Can Money Buy Love or Friendship? Research Answers this Question

Can you buy love with money? Can relationships be bought like commodities? There is no definite answer to this except understating what love and friendship mean to a person. If it is a commercial transaction then yes, you can surely buy a trophy wife or trophy husband with money. But if it is nonphysical like religion, it can neither be bought or sold.

The scientific perspective on sentiments and money is different. Many researchers believe that some people might feel more worthy if they have strong financial standing. But such self-worth knowing people are mostly lonely in their love life or social circle. The new study from the University at Buffalo and Harvard Business School have analyzed this relation and how it works.

Deborah Ward from the Psychology department at the University at Buffalo (UB)  is the lead author of this study. She says; “Feeling that pressure to achieve financial goals means we’re putting ourselves to work at the cost of spending time with loved ones, and it’s that lack of time spent with people close to us that are associated with feeling lonely and disconnected,”

This study is published in the Personality and Social Psychology Bulletin.

Lora Park one of the co-authors of this study teaches psychology at UB. She says that whoever knows his self-worth based on how financially successful he becomes, the work pressure and commitment to maintaining this status often cut him off from social circles.

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Other researchers on this project include Ashley Whillans, a faculty member from Harvard Business School, Kristin Naragon-Gainey, from the University of Western Australia, and Han Young Jung, a UB graduate.

This paper talks about how social networking and a person’s relationships affect his mental health. It also explains why such people need to maintain these connections even if they feel more pressurized or under a burden. It is technically not true and with a little motivation and help, they can find the perfect balance between these two.

Ward says; “Depression and anxiety are tied to isolation, and we’re certainly seeing this now with the difficulties we have connecting with friends during the COVID-19 pandemic.”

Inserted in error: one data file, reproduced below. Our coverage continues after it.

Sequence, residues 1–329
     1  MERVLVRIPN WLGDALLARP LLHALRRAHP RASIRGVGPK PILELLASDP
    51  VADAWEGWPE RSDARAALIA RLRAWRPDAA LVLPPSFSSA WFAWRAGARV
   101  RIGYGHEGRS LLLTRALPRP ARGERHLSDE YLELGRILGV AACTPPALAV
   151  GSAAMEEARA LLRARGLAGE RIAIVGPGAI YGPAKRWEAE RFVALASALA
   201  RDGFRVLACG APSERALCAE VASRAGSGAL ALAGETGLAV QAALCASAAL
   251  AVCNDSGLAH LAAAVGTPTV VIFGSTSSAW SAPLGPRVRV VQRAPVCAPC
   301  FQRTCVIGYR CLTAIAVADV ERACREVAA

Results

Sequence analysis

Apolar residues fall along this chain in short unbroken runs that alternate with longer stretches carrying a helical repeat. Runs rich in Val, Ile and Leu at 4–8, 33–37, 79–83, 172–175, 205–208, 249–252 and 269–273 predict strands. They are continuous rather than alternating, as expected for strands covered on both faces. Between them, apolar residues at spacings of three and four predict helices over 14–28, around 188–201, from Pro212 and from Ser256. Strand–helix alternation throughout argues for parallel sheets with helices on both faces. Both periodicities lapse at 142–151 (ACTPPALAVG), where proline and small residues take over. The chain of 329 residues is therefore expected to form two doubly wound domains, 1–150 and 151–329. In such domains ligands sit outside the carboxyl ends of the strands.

She also shared that; “These social connections are important. We need them as humans in order to feel secure, to feel mentally healthy and happy. But much of what’s required to achieve success in the financial domain comes at the expense of spending time with family and friends.”

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The central concept of this study is identifying a concept that is called “Financial Contingency of Self-Worth” by psychologists. This concept says that worthy people are more contingent regarding money affairs. They consider their financial success as the sole parameter to predict their worth. And the extent where they go in financial growth directly influences what they think about themselves. For example; if they improve their financial status with a raise, they eventually start to think good and happy about themselves. When it declines, they turn into a negative, insecure person.

This research project evaluated the data obtained from 2,500 participants from five other studies on relationships and financial standing analysis. They assessed this data under different variables such as friends, social circle, loneliness and social distancing of a person. Ward says that they found a strong link between how a person feels about himself and whats his financial standing. This study is the first step to dig into this love-money debate and can relationships be bought with money.

Money might be useful to generate a love relation but it can’t technically buy it. But if it’s just about sex, it can be bought for sure. On the other side, psychologists explain that it is comparatively easier to fall for a rich person than a person who is living from hand to mouth. Money can make life better and hence it affects all relationships directly or indirectly.




Areeba Hussain

The author is a fulltime medical and healthcare writer. She graduated in Medical Microbiology and Immunology with distinction. Her areas of prime interest are medicine, medical technology, disease awareness, and research analysis. Twitter @Areeba94789300

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